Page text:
Gritty realism and airbrushed romance go head to head in this tale of life among Washington, D.C.'s street-wise gangs. Years after her best friend died in a drive-by shooting, Blaise seeks safety and protection by joining Core 9, a gang active in her downtrodden neighborhood. As their rite of passage, Blaise and Ariel opt for a severe beating rather than the gang rape Melissa endures. At the pinnacle of Core 9's hierarchy is Trek, a handsome sadist whose favor is essential for survival. Desired by both Trek and her de facto boyfriend, Rico, virginal Blaise longs for Rico's best friend, Satch. When Trek offers Blaise pay to use her feminine wiles to draw gangbangers out for Trek to kill or maim, Blaise, guided by pure motives a saint would envy, reluctantly agrees. She's embarrassed but thrilled when Melissa's makeover transforms her into a sleek seductress, but she's sickened by the job itself. The girls of Core 9 are lovely; the guys handsome, muscular hotties who sell drugs but largely stick to beer. All, even Trek, are smart and self-aware, their families vicious or victimized. While some characters speak Spanish, none are identified by race or culture; ungrounded in cultural identity, characters feel generic. Skilled storytelling and starkly gripping details of gang life can't paper over the contradictions: This is stylish gangster porn. (Fiction. 14 & up)
“An eye-opening, heart-pounding look at survival on the streets.”
VOYA, August 2015 (Vol. 38, No. 3) - Dianna Geers
Constant recruitment by gang members draws Blaise into the security and belonging that comes with joining. Blaise decides to get jumped into a gang, while her friend chooses to enter by having sex with numerous members of the gang. Scenes immediately pull readers into gang life in the “unseen” part of Washington D.C. Blaise is physically transformed from a rough looking girl with loose, baggy clothes, to someone so alluring, that even her gang members do not recognize her. Trek, the head of her gang, asks Blaise to use her new appeal to get inside the world of rival gangs and set up attacks. As Blaise gets deeper into gang life, her life becomes increasingly more dangerous. The Lure tells an all-too-real story of survival, violence, drugs, and constant danger lurking in many high poverty, crime-ridden areas. Although the overall story has a predictable plot, it is a fast-paced adrenaline-rush. Some may enjoy the pacing enough to overlook some inconsistencies in the story. Blaise is street smart, but randomly throughout her narration includes high level vocabulary words that do not ring true to her character. Not many teens running the streets use words such as “subterfuge,” “emboldened,” or “solar plexus.” Some may also question the authenticity of the grandmother, who is raising Blaise, and the relationship between the two. This modern-day gang story is edgy and raw and will appeal to those who enjoy urban young adult fiction or Lynne Ewing’s previous works, Drive-By (HarperCollins, 1997) and Party Girl (Laurel Leaf, 1999/Voya April 1999). Reviewer: Dianna Geers; Ages 15 to 18.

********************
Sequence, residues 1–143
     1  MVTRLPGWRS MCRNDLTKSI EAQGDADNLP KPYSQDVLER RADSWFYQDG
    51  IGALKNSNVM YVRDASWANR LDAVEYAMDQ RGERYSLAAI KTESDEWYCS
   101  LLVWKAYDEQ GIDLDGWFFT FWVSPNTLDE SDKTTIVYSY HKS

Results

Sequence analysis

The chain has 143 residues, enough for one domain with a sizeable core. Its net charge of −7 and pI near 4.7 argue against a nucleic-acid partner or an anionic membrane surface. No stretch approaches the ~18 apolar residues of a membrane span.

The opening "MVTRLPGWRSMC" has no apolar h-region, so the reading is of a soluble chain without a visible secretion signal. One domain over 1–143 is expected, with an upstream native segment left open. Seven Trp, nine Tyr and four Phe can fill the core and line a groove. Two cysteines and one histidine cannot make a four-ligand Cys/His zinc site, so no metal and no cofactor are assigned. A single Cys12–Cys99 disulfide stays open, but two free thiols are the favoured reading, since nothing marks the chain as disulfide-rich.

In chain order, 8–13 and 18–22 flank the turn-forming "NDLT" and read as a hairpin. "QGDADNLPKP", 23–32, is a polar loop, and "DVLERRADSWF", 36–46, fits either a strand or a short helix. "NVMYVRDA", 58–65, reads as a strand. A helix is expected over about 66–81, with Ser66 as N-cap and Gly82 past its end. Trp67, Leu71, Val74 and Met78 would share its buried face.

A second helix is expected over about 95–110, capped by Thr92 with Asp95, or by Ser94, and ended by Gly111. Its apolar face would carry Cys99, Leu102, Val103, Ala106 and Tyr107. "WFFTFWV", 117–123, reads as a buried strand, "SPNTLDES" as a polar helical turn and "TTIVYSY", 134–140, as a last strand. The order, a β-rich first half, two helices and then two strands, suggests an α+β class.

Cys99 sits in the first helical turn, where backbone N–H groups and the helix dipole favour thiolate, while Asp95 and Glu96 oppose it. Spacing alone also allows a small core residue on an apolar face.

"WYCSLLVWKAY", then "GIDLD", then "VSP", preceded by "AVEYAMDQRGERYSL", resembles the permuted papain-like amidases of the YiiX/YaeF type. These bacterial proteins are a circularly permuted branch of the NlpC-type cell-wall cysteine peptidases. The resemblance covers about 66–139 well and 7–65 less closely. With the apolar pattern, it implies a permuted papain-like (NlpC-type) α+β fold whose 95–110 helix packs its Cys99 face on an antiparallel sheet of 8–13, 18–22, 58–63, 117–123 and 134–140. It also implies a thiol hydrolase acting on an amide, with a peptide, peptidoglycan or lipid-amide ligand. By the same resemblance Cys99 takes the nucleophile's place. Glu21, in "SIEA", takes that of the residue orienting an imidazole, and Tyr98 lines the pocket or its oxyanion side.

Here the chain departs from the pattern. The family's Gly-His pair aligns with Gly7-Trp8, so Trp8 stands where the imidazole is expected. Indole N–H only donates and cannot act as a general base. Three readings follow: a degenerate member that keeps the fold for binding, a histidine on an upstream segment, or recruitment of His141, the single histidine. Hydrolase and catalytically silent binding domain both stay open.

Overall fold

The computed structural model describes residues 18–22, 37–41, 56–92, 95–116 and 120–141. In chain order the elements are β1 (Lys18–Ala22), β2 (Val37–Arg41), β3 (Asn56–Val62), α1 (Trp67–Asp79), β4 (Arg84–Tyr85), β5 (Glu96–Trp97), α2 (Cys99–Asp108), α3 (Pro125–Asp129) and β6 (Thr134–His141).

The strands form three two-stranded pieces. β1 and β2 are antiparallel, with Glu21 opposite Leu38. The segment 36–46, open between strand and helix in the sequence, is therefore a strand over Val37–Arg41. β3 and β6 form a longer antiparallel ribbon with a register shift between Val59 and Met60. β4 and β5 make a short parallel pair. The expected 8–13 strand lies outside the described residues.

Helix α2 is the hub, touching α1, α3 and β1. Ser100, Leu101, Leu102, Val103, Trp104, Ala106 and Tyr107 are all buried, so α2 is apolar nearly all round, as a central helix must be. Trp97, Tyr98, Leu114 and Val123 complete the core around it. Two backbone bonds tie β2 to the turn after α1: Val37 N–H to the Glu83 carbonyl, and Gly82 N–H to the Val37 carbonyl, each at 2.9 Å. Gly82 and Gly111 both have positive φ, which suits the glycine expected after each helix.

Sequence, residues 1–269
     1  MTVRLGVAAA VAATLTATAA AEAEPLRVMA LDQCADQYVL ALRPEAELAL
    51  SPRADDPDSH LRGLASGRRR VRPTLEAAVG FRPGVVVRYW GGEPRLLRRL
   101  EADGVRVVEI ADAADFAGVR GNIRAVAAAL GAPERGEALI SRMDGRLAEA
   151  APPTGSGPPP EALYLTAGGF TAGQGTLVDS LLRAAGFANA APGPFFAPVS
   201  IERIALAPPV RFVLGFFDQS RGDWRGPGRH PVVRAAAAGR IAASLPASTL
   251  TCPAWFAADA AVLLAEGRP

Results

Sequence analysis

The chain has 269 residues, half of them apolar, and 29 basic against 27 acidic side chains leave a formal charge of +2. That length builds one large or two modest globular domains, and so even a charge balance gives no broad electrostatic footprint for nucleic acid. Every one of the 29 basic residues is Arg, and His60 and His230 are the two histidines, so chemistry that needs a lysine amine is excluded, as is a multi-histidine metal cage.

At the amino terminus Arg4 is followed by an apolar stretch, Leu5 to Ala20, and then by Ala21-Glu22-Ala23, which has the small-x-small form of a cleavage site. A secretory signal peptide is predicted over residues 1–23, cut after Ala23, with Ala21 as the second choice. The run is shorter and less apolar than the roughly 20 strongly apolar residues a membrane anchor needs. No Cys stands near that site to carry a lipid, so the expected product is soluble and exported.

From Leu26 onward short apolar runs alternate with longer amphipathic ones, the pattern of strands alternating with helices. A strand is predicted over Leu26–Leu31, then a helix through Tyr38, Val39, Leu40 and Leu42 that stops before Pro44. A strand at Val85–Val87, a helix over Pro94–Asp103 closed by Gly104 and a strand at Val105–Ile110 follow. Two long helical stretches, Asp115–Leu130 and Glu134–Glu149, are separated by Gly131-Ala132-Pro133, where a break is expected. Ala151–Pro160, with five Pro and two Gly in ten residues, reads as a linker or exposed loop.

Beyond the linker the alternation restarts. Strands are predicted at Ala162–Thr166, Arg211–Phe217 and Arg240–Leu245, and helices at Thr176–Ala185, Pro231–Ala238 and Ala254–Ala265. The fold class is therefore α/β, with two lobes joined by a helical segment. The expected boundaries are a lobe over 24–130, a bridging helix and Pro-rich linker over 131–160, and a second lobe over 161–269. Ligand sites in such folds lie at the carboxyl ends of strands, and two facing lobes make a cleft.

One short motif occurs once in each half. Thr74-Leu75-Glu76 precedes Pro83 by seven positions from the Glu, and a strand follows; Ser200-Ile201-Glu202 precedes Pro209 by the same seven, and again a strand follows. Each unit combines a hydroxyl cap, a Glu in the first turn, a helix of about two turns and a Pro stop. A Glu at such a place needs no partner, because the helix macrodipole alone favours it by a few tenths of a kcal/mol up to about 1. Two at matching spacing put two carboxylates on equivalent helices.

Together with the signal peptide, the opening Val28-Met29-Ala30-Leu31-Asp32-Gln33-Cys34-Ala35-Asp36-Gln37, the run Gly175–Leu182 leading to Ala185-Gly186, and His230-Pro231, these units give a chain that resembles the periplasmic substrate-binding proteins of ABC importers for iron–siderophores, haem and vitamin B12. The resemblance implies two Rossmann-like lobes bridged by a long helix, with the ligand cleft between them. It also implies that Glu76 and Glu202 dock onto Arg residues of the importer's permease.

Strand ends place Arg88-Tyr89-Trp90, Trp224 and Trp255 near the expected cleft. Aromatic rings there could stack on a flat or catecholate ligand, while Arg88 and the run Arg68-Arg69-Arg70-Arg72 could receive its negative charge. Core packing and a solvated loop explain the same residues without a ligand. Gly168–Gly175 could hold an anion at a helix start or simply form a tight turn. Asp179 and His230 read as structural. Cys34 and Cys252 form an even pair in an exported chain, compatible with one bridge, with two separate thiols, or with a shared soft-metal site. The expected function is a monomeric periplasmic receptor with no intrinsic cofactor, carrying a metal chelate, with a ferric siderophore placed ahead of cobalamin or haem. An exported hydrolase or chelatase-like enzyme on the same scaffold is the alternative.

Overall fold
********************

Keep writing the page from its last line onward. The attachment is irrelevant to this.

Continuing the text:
Product Details

HarperCollins Publishers
Publication date:
Product dimensions:
7.40(w) x 11.10(h) x 1.60(d)
Age Range:
14 Years

Related Subjects

Meet the Author

Bestselling author Lynne Ewing began writing as a way to unwind from her job with the Los Angeles County Department of Public Social Services. She is the author of Drive-By, an ALA Quick Pick for Reluctant Young Adult Readers and a New York Public Library Book for the Teen Age; Party Girl, an ALA Quick Pick for Reluctant Young Adult Readers, an Amazon Editor's Choice, and a Teen People recommended read; and the bestselling Daughters of the Moon series, which was also an ALA Quick Pick for Reluctant Young Adult Readers. She lives in Washington, DC.

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The Lure 3.7 out of 5 based on 0 ratings. 3 reviews.
majibookshelf More than 1 year ago